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Indus Valley Shell Works


Shell-Working in the Indus Civilization


Although shell objects may seem relatively insignificant compared to other categories of objects, such as seals or sculpture, a detailed study of shell objects and shell­ working has revealed important aspects of trade and craft specialization in the Indus Civilization. Shell-working first developed in the Indus region as early as the 7th millennium BC, in the neolithic period. During the neolithic and early chalcolithic periods, shell-working became more specialized both in terms of manufacturing techniques and in the use of specific shell species as raw materials. 

By the mid-3rd millennium BC, with the rise of the urban centres of the Indus Civilization, there is evidence for shell workshops at important coastal and inland sites. These workshops produced a wide variety of ornamental and utilitarian objects and used several species of marine shell as raw materials. The standardization of certain manufacturing techniques and stylistic features of the shell industry at widely separated sites throughout the Indus Civilization suggests that shell-workers were connected by intricate networks of trade and kin relations. These networks were necessary to supply raw materials from distant coastal resource areas and to distribute finished artifacts to inland cities and remote villages.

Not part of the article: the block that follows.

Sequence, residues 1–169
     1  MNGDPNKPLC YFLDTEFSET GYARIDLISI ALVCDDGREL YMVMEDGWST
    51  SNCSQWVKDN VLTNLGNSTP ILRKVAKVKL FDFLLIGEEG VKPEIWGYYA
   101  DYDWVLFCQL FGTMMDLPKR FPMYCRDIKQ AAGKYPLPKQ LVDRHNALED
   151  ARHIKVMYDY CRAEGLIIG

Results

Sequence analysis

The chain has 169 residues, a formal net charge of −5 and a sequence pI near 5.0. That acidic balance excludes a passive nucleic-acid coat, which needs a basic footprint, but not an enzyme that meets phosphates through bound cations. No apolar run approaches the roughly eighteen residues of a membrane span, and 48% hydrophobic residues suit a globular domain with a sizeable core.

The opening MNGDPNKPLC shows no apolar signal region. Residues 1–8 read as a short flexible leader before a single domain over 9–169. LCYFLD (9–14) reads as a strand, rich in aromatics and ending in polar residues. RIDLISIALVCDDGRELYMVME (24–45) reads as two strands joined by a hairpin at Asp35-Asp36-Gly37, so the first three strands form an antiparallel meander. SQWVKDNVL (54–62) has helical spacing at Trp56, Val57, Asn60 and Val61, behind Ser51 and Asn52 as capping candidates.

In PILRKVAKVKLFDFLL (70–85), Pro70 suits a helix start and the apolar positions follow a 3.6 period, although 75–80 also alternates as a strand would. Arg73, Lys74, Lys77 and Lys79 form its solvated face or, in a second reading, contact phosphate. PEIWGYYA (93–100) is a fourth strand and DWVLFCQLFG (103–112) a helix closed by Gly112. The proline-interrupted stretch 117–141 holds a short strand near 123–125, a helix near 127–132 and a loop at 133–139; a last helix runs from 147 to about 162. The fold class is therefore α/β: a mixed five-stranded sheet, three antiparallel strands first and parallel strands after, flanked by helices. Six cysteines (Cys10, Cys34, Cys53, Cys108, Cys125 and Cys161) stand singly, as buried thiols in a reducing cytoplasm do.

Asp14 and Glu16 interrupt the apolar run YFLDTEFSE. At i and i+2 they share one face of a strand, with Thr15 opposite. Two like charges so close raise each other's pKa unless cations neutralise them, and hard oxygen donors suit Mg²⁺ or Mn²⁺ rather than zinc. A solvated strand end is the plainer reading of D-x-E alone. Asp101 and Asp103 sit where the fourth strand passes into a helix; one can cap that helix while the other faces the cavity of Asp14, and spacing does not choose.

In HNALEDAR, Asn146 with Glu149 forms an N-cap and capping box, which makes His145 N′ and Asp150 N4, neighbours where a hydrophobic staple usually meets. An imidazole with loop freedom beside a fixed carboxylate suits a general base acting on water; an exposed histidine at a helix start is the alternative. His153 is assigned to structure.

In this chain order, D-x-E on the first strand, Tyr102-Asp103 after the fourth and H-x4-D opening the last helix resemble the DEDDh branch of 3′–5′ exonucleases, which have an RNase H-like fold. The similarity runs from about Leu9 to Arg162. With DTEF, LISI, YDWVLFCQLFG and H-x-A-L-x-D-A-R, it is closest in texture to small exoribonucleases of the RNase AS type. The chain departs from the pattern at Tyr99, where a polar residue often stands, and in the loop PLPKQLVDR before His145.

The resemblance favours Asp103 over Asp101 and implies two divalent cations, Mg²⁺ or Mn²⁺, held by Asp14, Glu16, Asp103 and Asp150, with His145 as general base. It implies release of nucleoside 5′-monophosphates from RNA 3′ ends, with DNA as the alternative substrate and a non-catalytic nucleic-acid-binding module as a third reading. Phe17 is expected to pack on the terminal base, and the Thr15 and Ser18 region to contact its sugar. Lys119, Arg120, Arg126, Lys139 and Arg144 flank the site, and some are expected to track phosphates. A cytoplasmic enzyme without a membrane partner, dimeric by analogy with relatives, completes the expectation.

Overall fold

Shell Working Industries of the Indus Civilization: A Summary

Assorted shell inlay with intersecting-circle and womb motifs, Mohenjo-daro.

Major species of marine mollusca used in the shell industry are discussed in detail and possible ancient shell source areas are identified. Variations in shell artifacts within and between various urban, rural and coastal sites are presented as evidence for specialized production, hierarchical internal trade networks and regional interaction spheres. On the basis of ethnographic continuities, general socio-ritual aspects of shell use are discussed.

In recent years the Indus Civilization of Pakistan and Western India has been the focus of important new research aimed at a better understanding of the character of protohistoric urban centers as well as rural towns and villages. With the accumulation of new and varied types of data many of the misconceptions regarding the rigid social structure and unimaginative material culture are being replaced by a new appreciation of the complex and varied nature of this civilization.













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